Transforming health services following traumatic brain injury through peer-support

Traumatic brain injury affects approximately 450 people every day in Canada and is a leading cause of disability nationally and globally. These injuries can lead to life-long disability and health problems, and people who sustain them often experience decreased quality of life, poor mental health, and long-term unemployment.

There is a critical gap in the development and delivery of programs and services that help people with traumatic brain injury to improve their health. Current health services focus on areas of impairment rather than personally-important priorities for rehabilitation. In addition, participatory research, which engages people with traumatic brain injury and community organizations as active partners, is underused in the development of rehabilitation programs.

My goal is to implement a peer support program for people with traumatic brain injury. I will use a partnered approach, in which people with traumatic brain injury and members of their community are leaders in the project. This will ensure that the research answers to their needs and values. Ultimately, this research will improve the access to services, health, and quality of life of people with traumatic brain injury in Canada.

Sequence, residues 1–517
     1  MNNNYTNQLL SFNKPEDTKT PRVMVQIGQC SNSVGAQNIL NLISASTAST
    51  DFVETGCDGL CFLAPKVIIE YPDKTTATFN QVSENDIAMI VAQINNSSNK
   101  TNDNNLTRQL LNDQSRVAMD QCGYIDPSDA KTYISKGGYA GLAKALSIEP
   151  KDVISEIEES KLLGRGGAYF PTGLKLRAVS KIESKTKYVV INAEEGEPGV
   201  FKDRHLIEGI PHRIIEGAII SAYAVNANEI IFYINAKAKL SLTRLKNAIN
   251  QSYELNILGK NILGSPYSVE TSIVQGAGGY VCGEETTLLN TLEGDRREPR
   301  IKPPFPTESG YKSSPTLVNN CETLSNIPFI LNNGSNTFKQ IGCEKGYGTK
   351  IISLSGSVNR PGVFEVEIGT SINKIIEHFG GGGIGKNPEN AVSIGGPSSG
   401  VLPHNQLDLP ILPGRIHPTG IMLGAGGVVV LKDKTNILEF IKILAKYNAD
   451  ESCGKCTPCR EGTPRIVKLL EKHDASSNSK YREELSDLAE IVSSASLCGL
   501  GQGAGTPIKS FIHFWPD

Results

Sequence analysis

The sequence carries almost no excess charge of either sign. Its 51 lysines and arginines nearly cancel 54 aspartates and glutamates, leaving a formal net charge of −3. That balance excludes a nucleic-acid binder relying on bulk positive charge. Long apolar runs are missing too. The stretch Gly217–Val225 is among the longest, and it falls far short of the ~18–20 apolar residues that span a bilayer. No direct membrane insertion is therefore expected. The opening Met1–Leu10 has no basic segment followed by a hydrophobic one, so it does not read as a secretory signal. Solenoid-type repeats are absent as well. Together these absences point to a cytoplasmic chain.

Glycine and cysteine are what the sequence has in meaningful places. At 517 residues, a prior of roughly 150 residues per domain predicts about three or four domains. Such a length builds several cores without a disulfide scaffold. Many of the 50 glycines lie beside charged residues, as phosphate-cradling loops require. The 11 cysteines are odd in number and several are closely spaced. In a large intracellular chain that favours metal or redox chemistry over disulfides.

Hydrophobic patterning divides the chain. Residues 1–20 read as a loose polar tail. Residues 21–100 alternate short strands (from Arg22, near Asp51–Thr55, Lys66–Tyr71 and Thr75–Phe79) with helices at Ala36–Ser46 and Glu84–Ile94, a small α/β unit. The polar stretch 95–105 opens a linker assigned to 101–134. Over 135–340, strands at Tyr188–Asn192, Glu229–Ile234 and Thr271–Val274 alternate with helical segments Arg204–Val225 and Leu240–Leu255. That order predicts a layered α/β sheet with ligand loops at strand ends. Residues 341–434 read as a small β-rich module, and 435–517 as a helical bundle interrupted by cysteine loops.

Nini nanaghintsan ?anh (is your mind tired?): The Healing Journeys of Indigenous Adolescents Navigating Pathways to Urban and Online Wellness Supports

Due to the historical and ongoing effects of colonization, Indigenous youth experience higher rates of mental illness. As Indigenous youth, it is particularly difficult to access mental health care in Canada. Many Indigenous youth are reluctant to seek help when they are in crisis. Indigenous youth and families advocate it would be better if more culturally-responsive wellness supports were available. This research project will use oral traditions and storytelling to ask Indigenous youth (aged 12 to 24) about their healing journeys when accessing wellness supports in urban and online spaces. This project will work in partnership with Foundry BC to collaborate with local Indigenous communities. In Phase 1, Indigenous youth will join Sharing Circles to create collective stories about what holistic wellbeing means to them and how they access wellness supports in community and online settings. In Phase 2, Indigenous youth will be asked to complete a survey about their mental health care access, cultural identity, technology use, and holistic wellbeing. The findings from this study can inform culturally-resurgent practices to help transform the way Indigenous youth are engaged in wellness supports across urban and online spaces.